As a parent, you will want to make sure that your child is living in appropriate conditions at all times. Therefore, if you have reason to believe that the other parent does not have appropriate accommodations for your child when your child is staying with him or her, it is important that you know where the child custody modification process stands when it comes to taking action in regard to suitable accommodations.

Paying for college following a divorce

When a child is planning to go to college, California parents may become worried that their plans to get a divorce could have an impact on whether or not their child actually gets to go. However, careful planning, even if a divorce is just around the corner, can help keep a child's education on track.

The costs of going to college, which include tuition, fees and room and board, go up by about 3 percent every year. In the 2017-2018 school year, the costs of college amounted to an average of $47,000 for a nonprofit private school and about $21,000 for an state public school. However, only about 66 percent of married parents have a financial plan in place when it comes to their children's college educations.

The importance of protecting family wealth with a prenup

Many California couples who tie the knot expect that they will be married their spouse for the rest of their lives. However, there are many cases where the couple decides to get a divorce several years or even decades later. Although couples can protect their family assets with a prenuptial agreement, not everyone chooses to get one drawn up before getting married.

For those who have family wealth, getting a prenuptial agreement may be of more importance than for those who are starting out with very little. If the family has had wealth for many generations, the parents may be more likely to push their children to get a prenuptial agreement to protect those family assets. The prenup can help keep the family wealth within the biological family by documenting the fact that a spouse had those assets prior to the marriage. If a divorce does occur, the ex-spouse may not be entitled to seek access to those assets.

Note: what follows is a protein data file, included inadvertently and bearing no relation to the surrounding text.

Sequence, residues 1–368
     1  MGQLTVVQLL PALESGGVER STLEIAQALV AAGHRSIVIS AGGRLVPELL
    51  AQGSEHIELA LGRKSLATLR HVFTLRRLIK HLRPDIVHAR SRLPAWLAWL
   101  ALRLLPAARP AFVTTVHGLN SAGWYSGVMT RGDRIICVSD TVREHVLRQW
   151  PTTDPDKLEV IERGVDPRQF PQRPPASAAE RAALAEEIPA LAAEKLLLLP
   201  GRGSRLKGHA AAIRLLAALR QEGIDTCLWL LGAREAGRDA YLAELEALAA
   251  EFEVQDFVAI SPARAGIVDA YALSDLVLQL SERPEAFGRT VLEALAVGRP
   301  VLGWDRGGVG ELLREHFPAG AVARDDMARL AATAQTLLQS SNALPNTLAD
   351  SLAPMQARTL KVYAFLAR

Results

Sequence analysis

The purpose of child support: More than necessities

Child support is sometimes a point of contention in divorce, but it really shouldn't be. It's there to support the healthy growth of a child who now has to live in two separate homes with his or her parents. In most cases, the child has a primary caretaker, either his or her mother or father, and the other parent participates through visitation or custody in shorter spurts. For the parent who provides the larger amount of care, child support is a necessity.

What is child support used for?

The benefits of being the custodial parent

When a couple with children splits up, the state of California often designates one parent as the custodial parent. The custodial parent generally has more responsibilities when it comes to raising the children.

In general, the children live with the custodial parent most of the time. However, there are steps that a parent must take before he or she is considered to be the custodial parent. Parents still have to file for child custody in order for the courts to give them custodial rights, even if the other parent is voluntarily not involved. It should also be noted that the noncustodial parent may still have visitation rights.

Study identifies one factor in divorce

The roles assumed by men and women in California at the start of a marriage could play a role in that marriage's longevity according to a study by Swedish researchers. Marriages in which women start out making less than half of their husband's salary or have no income and all and later embark on a successful career are more at risk than those in which husbands and wives start out on equal footing.

In more traditional relationships, women may put off developing their own careers in favor of relocating for their husband's and taking care of the children and the home. When they start to focus on their careers and their salaries surpass what their husbands are making, their husbands may become resentful and defensive. They might try to control any household spending. Others may start working less, but those who do often do not step in to take on the child care and chores. This can create resentment that leads to divorce.